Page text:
Jenner Farm

Moving society in positive directions

 

Several of the agriculture classes at Prescott College take place on Jenner Farm – 20 acres of rich alluvial soils bordered by towering cottonwood and mesquite trees, 26 miles outside of town. This sort of “learning farm” and the hands on curriculum it facilitates is fairly unique for four-year undergraduate schools in North America.

Agroecology is a widely accepted and growing discipline that applies ecological principles to agricultural production. “It’s both scientific discipline and social movement,” said Dr. Tim Crews, head of the Prescott College agroecology program, and internationally recognized researcher of nutrient dynamics in agricultural native ecosystems.

Prescott College offers a broad, interdisciplinary curriculum that supports student interests in agroecology.  The core of the curriculum consists of six courses that span an entire growing season, from February to October.

Jenner Farm

Several of the agriculture classes at Prescott College take place on Jenner Farm – 20 acres of rich alluvial soils bordered by towering cottonwood and mesquite trees, 26 miles outside of town. This sort of “learning farm” and the hands on curriculum it facilitates is fairly unique for four-year undergraduate schools in North America.

Natural Systems Agriculture

An important focus of the work being done at Jenner Farm focuses on Natural Systems Agriculture – perennial agricultural systems that are designed to mimic the structure and function of natural plant communities of specific ecosystems. Under the direction of Dr. Crews, students in the agroecology program are developing crops and cropping arrangements uniquely adapted for the Southwest.

Regionally adapted germplasm

Classes across the agroecology curriculum stress the importance of regionally adapted crops, maintenance of genetic diversity, maintenance of soil fertility using minimal to no purchased inputs, and water conservation. Social considerations also receive considerable attention, such as ownership of germplasm, patenting of indigenous property, and how corporate control of food crops impacts food security of different populations and nations.

Critical thinking about farm issues

“There are numerous reasons why a liberal arts education is enhanced with experience on a student farm, but possibly none is more important at Prescott College than the development of critical thinking around farming and food issues,” Crews said.

If farming is anything, it’s humbling.  No sooner does a student succeed at raising a beautiful crop of chilies than blister beetles move through it like General Sherman’s army, leaving complete destruction in their wake. Crews is convinced that when examined from the classroom alone, it is easier to view some of the cardinal agricultural issues of our day as black and white: issues like whether there is any place in sustainable agriculture for genetically modified organisms, or agrochemicals, or immigrant labor. The truism that critical thinking ends where fundamentalism begins holds in agroecology.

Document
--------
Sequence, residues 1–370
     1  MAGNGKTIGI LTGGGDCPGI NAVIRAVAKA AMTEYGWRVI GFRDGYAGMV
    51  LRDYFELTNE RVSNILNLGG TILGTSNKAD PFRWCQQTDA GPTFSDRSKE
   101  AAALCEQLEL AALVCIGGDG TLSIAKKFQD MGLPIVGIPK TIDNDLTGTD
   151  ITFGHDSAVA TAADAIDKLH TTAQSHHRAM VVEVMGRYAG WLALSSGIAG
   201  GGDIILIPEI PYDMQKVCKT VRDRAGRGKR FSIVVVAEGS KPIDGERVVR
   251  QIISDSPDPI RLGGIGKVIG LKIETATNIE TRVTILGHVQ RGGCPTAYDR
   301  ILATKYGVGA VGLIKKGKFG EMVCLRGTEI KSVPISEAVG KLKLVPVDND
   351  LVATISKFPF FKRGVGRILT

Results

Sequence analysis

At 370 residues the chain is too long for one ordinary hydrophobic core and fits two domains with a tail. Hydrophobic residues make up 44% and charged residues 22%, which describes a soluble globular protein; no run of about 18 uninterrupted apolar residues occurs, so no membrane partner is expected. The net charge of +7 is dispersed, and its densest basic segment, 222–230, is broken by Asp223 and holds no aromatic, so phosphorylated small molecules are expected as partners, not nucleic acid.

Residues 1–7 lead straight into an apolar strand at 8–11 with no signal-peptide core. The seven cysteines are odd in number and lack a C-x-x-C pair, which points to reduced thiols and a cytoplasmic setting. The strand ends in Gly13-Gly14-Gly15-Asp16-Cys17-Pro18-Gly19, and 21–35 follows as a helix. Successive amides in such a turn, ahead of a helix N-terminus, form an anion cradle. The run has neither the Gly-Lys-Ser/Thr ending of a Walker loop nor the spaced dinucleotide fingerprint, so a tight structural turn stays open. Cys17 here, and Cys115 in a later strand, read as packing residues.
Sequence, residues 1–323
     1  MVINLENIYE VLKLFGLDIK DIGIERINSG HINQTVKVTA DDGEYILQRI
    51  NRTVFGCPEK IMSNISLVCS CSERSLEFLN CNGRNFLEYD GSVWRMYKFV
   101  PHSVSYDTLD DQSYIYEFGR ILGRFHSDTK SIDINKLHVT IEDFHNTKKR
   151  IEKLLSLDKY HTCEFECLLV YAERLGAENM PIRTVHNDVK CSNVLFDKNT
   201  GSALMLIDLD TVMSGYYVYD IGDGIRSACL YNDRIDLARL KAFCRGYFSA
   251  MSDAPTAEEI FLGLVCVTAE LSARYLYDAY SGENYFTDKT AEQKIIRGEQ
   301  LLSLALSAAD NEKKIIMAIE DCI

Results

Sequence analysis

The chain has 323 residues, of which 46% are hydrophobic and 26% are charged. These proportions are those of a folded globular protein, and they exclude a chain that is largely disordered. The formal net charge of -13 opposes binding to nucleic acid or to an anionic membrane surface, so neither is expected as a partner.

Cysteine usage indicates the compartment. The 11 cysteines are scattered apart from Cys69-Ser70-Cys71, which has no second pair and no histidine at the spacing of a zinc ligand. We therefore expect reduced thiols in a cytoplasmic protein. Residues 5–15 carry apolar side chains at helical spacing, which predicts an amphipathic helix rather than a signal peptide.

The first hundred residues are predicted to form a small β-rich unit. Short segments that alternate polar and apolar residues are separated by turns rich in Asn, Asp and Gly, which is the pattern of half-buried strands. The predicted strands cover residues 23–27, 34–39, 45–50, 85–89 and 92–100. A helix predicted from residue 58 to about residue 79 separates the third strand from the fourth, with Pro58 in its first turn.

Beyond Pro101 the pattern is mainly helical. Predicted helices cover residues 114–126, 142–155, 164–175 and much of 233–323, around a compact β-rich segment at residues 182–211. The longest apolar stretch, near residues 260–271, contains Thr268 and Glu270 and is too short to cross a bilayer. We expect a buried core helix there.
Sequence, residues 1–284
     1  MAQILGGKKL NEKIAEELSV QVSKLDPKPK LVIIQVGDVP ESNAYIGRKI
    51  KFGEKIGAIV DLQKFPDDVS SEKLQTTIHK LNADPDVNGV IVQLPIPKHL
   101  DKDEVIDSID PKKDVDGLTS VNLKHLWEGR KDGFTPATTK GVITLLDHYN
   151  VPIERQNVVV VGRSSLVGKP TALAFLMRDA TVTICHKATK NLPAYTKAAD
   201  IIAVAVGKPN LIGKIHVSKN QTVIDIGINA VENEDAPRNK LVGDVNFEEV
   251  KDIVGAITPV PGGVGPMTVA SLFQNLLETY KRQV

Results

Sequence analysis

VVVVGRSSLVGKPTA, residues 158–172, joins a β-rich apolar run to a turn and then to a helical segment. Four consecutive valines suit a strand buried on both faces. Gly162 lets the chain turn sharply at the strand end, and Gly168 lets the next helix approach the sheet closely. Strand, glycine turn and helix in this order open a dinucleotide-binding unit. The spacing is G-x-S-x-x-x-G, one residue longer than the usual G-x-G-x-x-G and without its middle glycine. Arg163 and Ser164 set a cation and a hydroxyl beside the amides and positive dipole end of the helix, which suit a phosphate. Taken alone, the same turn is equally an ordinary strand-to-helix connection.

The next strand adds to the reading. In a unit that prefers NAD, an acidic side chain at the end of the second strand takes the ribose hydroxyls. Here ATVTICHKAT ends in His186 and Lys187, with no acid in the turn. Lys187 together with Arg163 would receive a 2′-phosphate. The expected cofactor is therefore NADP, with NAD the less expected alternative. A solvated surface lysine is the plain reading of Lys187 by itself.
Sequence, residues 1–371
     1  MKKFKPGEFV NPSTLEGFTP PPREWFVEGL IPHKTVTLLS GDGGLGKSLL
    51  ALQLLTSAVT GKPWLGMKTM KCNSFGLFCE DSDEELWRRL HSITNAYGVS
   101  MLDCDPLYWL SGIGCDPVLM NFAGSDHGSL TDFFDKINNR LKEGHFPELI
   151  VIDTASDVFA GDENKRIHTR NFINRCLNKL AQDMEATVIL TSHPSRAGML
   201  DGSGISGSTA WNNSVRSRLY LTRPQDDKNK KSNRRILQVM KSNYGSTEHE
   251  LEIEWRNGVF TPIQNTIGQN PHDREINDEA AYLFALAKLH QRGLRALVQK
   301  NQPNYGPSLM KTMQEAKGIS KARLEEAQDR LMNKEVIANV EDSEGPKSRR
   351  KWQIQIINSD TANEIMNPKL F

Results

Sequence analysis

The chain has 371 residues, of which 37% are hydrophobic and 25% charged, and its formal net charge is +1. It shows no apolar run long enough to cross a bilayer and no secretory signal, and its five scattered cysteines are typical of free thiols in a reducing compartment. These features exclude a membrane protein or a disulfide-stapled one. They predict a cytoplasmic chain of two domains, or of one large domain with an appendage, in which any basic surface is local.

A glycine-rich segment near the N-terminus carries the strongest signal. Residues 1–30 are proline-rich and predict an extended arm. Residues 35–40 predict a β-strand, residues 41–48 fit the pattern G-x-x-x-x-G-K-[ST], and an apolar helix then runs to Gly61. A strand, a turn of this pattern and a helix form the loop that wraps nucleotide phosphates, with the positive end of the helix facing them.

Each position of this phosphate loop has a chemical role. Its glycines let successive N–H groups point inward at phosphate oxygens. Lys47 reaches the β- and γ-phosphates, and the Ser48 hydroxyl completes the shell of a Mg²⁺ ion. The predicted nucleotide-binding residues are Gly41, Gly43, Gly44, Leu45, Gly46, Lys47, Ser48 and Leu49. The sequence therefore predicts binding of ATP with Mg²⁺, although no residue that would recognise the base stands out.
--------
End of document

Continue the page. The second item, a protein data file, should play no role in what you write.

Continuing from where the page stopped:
Green Washing

Moreover, as organic agriculture has become more profitable, the number of products sold to growers as beneficial, or even necessary, has risen. The next generation of farmers needs to know the difference between truly sustainable products and practices and “greenwash.”

Crews explained: “By learning to test claims, such as whether microbial inoculants accelerate or improve compost in any way compared to controls, students develop confidence in their own abilities to judge the sustainability of practices and products themselves.”

Beyond Prescott College

Approximately half of the students who have studied agroecology at Prescott College have gone on to pursue a formal vocation in a food or farm-related field. Graduate research and farming are two of the most common pursuits of agroecology grads, but there are many others.  Some have worked to integrate gardens into primary and secondary educational settings, where the garden becomes a tactile entry into science, health, history, art, and other subjects. Others have worked on food security projects in inner-city neighborhoods in the US or in rural settings abroad.  Still others have started businesses, from CSAs to heirloom seed companies.

Vital Role

The Jenner Farm and several on-campus gardens at Prescott College play a vital role in academics, as well as contributing to the campus community’s sense of place.  First and foremost, the gardens and farm facilitate experiential learning, contributing to the development of both pragmatic and critical thinking skills.

Move society in positive directions
“Regardless of whether graduates go on to farm, teach, conduct research, breed seeds, work for non-governmental organizations, focus on food security, or simply consume food,” Crews said, “the overarching objective of the college’s food and farm programs is not food production per se, but to nurture students with complex understandings of sustainability, who can grapple with tradeoffs at multiple scales, and ultimately move society in positive directions both ecologically and socially.”

 


Prescott College Jenner Farm is a member of the Organization of Biological Field Stations   Jenner Farm OBFS

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